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Mentoring the Beginning Teacher: Providing Assistance in Differentially Effective Middle Schools

Mentoring the Beginning Teacher: Providing Assistance in Differentially Effective Middle Schools Introduction Statistics regarding the teaching profession are alarming. Over the next ten years, American school systems will need to hire an average of 200,000 K-12 teachers; in the urban and rural areas with high rates of poverty, the figure jumps to a need to hire 700,000 teachers (Fideler & Haselkorn, 1999). The estimates regarding new teachers are even more alarming. · The annual attrition rate for beginning teachers is twice that of more experienced teachers (Odell and Ferraro, 1992). · Fideler & Haselkorn (1999) note that 9.3% of new teachers leave before they complete the first year of teaching in public schools. · In the 1990-1991 school year 15% of all schools, both public and private, could not fill teaching vacancies with qualified teachers and had to resort to substitutes (National Center for Education Statistics, 1997). Trial by fire for the beginning teacher is a way of life for those novices relegated to large urban schools throughout the country. Teachers who feel overwhelmed by the system, who feel isolated in their autonomy, and who work in an environment that is dull and lifeless will be bound for other systems, one where employees can feel their work has value. http://www.deepdyve.com/assets/images/DeepDyve-Logo-lg.png The High School Journal University of North Carolina Press

Mentoring the Beginning Teacher: Providing Assistance in Differentially Effective Middle Schools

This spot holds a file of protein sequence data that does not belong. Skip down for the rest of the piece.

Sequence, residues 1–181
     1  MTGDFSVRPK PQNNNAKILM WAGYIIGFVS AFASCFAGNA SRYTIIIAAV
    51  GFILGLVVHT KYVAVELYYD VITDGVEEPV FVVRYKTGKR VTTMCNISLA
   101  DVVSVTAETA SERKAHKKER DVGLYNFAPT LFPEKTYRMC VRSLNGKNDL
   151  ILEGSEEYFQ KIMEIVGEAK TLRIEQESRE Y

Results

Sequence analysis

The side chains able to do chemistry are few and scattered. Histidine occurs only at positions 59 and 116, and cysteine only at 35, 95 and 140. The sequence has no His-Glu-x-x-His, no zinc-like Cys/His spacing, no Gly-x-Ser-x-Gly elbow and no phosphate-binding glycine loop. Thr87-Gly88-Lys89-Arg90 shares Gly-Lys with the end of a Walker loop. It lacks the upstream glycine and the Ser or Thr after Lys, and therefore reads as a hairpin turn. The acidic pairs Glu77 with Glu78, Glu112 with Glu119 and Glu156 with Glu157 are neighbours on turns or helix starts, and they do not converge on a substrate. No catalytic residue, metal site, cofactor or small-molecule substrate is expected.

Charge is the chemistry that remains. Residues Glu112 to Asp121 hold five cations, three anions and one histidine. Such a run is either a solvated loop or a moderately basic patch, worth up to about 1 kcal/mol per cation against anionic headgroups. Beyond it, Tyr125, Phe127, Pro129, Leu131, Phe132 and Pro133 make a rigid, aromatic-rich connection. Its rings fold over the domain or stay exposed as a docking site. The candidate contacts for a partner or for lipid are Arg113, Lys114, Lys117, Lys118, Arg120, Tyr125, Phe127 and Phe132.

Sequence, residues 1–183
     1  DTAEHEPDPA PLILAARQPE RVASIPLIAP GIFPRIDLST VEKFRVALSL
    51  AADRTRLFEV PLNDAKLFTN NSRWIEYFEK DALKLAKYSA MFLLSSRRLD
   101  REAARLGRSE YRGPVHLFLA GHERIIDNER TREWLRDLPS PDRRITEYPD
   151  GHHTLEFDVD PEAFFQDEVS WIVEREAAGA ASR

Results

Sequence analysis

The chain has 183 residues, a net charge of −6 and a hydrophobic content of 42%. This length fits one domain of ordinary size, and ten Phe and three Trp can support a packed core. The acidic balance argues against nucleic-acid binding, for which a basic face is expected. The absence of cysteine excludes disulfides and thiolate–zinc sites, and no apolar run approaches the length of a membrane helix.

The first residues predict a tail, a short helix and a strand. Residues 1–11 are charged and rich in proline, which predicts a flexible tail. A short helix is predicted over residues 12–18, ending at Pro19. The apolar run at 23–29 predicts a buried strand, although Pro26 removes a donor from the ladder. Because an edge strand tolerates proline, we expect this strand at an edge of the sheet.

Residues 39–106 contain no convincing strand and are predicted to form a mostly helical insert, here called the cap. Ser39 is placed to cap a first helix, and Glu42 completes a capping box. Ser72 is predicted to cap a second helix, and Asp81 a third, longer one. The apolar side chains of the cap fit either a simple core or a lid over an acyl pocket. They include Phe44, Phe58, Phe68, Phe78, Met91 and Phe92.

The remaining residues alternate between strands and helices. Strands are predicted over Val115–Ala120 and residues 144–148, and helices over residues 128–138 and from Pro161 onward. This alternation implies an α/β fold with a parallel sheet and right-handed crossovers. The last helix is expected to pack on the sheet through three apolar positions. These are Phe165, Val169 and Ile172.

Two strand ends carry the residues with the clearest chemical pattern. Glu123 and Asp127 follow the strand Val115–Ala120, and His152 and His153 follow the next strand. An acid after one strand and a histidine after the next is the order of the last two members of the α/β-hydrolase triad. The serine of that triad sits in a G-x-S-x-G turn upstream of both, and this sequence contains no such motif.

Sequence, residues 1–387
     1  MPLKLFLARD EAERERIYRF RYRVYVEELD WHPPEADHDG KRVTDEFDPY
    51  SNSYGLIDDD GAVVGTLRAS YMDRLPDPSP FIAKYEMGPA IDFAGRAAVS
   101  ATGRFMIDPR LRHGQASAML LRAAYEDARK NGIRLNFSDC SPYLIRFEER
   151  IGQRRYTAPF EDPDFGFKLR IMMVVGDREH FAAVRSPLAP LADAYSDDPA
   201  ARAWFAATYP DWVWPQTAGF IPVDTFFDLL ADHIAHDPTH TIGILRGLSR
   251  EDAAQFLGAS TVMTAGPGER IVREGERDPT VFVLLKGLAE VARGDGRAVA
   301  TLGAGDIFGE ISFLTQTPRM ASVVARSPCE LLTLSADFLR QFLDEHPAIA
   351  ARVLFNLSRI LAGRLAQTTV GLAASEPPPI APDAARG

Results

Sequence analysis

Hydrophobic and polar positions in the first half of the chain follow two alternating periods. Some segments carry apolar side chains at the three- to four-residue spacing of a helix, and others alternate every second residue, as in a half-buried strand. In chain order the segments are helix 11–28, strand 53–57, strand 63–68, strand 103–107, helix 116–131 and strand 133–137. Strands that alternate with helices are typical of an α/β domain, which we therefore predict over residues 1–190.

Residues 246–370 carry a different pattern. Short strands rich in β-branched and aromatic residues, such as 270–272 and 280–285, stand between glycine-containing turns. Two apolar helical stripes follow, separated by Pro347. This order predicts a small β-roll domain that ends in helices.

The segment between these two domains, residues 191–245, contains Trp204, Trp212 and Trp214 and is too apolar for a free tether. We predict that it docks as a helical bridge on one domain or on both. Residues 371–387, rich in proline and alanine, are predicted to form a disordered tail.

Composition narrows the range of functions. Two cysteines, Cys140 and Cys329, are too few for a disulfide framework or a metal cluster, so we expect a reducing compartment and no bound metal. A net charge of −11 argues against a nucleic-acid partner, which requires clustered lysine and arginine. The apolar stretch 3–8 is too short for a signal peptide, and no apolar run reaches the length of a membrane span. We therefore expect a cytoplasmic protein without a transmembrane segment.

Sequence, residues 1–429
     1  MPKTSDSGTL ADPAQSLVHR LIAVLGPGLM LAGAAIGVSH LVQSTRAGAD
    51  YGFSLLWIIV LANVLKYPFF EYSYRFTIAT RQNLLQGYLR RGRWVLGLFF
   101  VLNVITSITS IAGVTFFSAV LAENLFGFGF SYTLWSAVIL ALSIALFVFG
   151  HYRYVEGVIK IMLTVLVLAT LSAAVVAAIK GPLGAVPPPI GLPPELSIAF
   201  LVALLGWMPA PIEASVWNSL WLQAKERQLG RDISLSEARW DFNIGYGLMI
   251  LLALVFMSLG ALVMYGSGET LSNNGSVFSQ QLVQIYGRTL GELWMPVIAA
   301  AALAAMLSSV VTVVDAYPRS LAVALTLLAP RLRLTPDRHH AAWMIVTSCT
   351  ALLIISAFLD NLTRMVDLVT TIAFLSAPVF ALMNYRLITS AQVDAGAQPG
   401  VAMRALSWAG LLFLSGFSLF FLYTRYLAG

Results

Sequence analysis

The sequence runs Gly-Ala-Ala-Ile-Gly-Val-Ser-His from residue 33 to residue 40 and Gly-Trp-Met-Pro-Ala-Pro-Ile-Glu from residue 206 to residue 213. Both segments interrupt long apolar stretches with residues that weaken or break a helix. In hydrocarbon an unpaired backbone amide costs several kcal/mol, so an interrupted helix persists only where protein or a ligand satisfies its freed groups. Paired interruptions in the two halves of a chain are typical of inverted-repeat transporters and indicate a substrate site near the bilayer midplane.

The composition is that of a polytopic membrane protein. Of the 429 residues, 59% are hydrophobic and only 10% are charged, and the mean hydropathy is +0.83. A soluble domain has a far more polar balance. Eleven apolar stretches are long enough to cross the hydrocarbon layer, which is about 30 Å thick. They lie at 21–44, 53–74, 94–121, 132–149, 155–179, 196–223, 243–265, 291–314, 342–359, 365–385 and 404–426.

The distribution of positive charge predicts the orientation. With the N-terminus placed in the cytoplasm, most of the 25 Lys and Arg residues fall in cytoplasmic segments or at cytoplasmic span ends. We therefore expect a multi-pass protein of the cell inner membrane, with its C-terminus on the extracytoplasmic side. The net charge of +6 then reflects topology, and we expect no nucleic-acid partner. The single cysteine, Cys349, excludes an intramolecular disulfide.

The High School Journal , Volume 86 (1) – Jan 10, 2002

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Publisher
University of North Carolina Press
Copyright
Copyright © 2002 by The University of North Carolina Press.
ISSN
1534-5157
Publisher site
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Abstract

Introduction Statistics regarding the teaching profession are alarming. Over the next ten years, American school systems will need to hire an average of 200,000 K-12 teachers; in the urban and rural areas with high rates of poverty, the figure jumps to a need to hire 700,000 teachers (Fideler & Haselkorn, 1999). The estimates regarding new teachers are even more alarming. · The annual attrition rate for beginning teachers is twice that of more experienced teachers (Odell and Ferraro, 1992). · Fideler & Haselkorn (1999) note that 9.3% of new teachers leave before they complete the first year of teaching in public schools. · In the 1990-1991 school year 15% of all schools, both public and private, could not fill teaching vacancies with qualified teachers and had to resort to substitutes (National Center for Education Statistics, 1997). Trial by fire for the beginning teacher is a way of life for those novices relegated to large urban schools throughout the country. Teachers who feel overwhelmed by the system, who feel isolated in their autonomy, and who work in an environment that is dull and lifeless will be bound for other systems, one where employees can feel their work has value.

Journal

The High School JournalUniversity of North Carolina Press

Published: Jan 10, 2002

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